Real Tree vs. Artificial: Pros & Cons
Ah, the Adirondacks in winter! The picturesque snow-covered landscape complete with rolling pastoral hills, trees whose limbs resemble diamonds against the morning sun when covered in a thin layer of ice, icicles that droop from our eves and sparkle in the glow of winter sunsets, the red feathers of the cardinal stark against the wintery landscape; indeed, for all its inconveniences, winter in the great Northeast is a nature-lover’s paradise!
These idyllic scenes easily conjured to mind by anyone who has spent a winter in the Adirondacks, and every bit worthy of a Currier & Ives engraving, remind us not only that the year has turned to its meridian, but that that most magical of all holidays comes now upon us. Of course, we’re talking about Christmas!
For most families, the search for the perfect tree – that quintessential symbol that is central to all our holiday décor – begins as early as the day after Thanksgiving. …For others – much to our chagrin – even earlier! …I mean, seriously folks, don’t be like the department stores. At least wait ‘til one holiday is over before decorating for the next one, huh? Jeesh!
…But I digress.
The choice over whether to buy a real tree or an artificial one confronts many of us every year. And there are a lot of opinions weighing in on the issue.
So, there’s a lot of talk these days about “going green.” And if you’re consciousness is driven – as so many of us are these days – by the desire to reduce our “carbon footprint,” then the choice between real or artificial takes on new dimension.
On the one hand, cutting down a tree for what amounts to little more than a couple weeks enjoyment in our home might seem a little wasteful. On the other hand, the manufacture of artificial trees involves use of a lot of chemicals whose impact on the environment is pretty well-established.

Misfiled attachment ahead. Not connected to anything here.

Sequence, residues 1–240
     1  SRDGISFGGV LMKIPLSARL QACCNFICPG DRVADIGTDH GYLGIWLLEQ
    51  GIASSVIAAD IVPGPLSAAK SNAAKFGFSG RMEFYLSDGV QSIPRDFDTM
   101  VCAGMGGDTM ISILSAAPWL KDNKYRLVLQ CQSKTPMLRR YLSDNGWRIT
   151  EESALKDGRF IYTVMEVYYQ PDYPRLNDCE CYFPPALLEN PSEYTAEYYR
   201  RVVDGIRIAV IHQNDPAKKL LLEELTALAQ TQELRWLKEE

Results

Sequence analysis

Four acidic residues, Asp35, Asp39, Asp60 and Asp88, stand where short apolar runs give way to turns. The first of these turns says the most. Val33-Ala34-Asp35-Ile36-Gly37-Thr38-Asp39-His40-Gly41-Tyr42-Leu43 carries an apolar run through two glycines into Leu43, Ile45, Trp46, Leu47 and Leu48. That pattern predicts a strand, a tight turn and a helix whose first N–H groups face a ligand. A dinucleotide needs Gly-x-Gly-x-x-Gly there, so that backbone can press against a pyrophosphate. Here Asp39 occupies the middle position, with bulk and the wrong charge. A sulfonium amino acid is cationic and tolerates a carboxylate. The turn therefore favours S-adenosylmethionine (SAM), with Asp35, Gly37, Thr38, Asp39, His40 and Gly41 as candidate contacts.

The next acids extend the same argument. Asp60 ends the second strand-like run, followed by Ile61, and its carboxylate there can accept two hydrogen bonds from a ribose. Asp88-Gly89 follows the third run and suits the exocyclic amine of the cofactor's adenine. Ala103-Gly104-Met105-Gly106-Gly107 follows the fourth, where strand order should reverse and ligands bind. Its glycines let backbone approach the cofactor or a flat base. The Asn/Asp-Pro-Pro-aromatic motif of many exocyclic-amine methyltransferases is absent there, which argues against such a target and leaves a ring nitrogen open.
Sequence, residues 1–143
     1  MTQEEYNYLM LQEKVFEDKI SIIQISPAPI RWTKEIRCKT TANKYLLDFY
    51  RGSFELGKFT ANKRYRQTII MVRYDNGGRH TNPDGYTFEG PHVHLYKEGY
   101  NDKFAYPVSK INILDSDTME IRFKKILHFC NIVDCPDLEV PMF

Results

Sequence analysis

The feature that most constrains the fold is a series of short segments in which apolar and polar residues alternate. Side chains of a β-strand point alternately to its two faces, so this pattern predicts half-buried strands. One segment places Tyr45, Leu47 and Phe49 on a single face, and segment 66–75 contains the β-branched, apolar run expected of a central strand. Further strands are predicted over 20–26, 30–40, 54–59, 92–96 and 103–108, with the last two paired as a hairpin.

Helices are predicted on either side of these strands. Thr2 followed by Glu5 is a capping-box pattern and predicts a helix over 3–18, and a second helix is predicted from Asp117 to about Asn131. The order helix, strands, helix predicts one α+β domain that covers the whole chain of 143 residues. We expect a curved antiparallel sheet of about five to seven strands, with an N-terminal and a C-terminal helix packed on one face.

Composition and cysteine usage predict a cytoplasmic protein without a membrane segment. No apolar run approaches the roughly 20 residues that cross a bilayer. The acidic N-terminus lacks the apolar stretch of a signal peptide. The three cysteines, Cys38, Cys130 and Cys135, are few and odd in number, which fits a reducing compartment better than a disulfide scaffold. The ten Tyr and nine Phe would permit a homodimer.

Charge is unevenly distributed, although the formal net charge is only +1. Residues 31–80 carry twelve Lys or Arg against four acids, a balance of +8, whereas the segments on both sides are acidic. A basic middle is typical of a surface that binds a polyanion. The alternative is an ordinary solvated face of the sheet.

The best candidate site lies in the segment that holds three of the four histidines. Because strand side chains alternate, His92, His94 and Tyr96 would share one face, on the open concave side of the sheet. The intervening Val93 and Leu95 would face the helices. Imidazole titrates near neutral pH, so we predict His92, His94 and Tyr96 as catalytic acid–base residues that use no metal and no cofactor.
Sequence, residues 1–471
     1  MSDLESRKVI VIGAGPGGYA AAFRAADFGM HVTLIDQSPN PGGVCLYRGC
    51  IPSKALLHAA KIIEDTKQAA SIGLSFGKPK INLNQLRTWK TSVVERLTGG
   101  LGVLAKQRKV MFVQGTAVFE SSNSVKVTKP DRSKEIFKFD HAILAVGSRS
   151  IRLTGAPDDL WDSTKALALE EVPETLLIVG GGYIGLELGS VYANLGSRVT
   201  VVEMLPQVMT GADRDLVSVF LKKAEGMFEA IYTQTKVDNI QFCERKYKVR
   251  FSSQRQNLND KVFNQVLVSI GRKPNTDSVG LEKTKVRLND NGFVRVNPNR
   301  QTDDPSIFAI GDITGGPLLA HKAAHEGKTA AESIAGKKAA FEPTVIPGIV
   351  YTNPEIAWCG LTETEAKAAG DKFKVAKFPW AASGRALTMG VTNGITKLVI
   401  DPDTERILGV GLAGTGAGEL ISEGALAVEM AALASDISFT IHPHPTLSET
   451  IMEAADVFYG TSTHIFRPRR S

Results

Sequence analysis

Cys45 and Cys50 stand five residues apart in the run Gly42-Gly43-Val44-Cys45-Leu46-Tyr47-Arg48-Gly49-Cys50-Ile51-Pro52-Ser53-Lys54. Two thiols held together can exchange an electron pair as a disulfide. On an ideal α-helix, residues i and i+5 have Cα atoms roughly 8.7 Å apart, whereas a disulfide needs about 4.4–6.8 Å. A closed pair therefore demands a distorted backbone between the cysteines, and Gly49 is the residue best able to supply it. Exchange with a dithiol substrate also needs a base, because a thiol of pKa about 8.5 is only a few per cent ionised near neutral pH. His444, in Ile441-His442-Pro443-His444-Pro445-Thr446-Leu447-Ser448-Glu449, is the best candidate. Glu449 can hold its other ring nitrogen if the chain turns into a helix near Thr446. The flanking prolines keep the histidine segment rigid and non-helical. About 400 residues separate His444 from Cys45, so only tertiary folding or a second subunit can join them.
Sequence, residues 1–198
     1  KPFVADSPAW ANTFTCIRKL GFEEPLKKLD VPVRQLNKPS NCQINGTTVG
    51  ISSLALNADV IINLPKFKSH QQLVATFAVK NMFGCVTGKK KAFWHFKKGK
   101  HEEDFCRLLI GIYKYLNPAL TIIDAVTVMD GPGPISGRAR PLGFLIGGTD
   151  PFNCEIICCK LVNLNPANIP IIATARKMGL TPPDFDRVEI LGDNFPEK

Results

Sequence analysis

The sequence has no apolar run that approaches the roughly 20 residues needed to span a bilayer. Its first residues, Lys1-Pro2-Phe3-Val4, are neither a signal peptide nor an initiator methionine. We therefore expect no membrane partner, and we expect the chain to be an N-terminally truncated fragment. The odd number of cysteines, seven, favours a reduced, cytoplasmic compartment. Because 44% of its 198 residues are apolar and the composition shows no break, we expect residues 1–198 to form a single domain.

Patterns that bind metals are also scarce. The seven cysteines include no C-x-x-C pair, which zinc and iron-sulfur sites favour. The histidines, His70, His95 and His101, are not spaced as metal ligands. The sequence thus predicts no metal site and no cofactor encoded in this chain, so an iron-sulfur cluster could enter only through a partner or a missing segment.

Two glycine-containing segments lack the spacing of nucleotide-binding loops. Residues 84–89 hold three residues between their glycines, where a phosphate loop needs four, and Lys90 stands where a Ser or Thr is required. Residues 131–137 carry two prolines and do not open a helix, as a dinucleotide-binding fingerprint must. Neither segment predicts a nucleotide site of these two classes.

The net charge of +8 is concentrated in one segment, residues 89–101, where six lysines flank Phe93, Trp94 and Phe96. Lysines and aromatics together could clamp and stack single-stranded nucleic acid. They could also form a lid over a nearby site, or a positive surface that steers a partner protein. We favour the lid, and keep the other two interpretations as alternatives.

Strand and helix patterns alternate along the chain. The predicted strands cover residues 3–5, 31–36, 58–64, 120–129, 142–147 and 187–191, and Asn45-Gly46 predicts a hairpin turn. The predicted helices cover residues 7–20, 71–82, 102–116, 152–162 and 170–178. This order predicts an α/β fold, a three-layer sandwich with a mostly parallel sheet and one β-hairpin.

So it’s clear that there are environmental concerns affecting either choice.
Artificial trees are certainly economical and, these days are more realistic in their appearance than ever before. There’s very little – apart from the fragrance, which can be overcome using essential oils and sprays – that artificial trees can’t reproduce about the experience of having an evergreen in your home.
Then again, it’s worth remembering that real trees are an abundantly renewable resource. It’s true! In fact, tree farms in the U.S. plant anywhere from one to three trees for every one that is harvested!
Experts point out as well that the hardiness of most of your conifer tree varieties enables them to be planted in areas that would otherwise lie fallow. And, to add an even more eco-friendly benefit, tree farms also play a major role in keeping our air clean. Did you know that merely an acre of Douglas fir trees can collectively absorb over 11,000 lbs. of carbon dioxide from the atmosphere in their lifetime?
There’s also the benefit of buying local. Real trees have to be grown locally in order to make it to our homes while still fresh and green. So even though there may be some trucking (e.g. fuel consumption, emissions, etc.) it is a much shorter trip and burns much less fuel than importing artificial trees from overseas! Also, there is the added bonus of supporting a local business as opposed to buying a foreign import!
When looking at buying a real tree there is of course the concern about allergies. Surprisingly, researchers have found that allergies most triggered by the presence of a tree in the home aren’t from the tree itself, but rather from mold that grows on its branches.
“Connecticut researchers have found that the mold count from a live Christmas tree rose to five times the normal level two weeks after the tree was brought indoors, and that can prove problematic for people with mold allergies,” says U.S. News and World Report.
An easy solution for combating this problem, suggest the experts, is to run an air purifier in the room where your tree is.
For others, the problem isn’t mold, but the fragrance that sets off their allergic response. For those folks, sadly, avoiding a real tree may be the only solution. But if you are going to overcome the problem of allergies by purchasing an artificial tree, there are some factors there too that you should take into account, such as storage.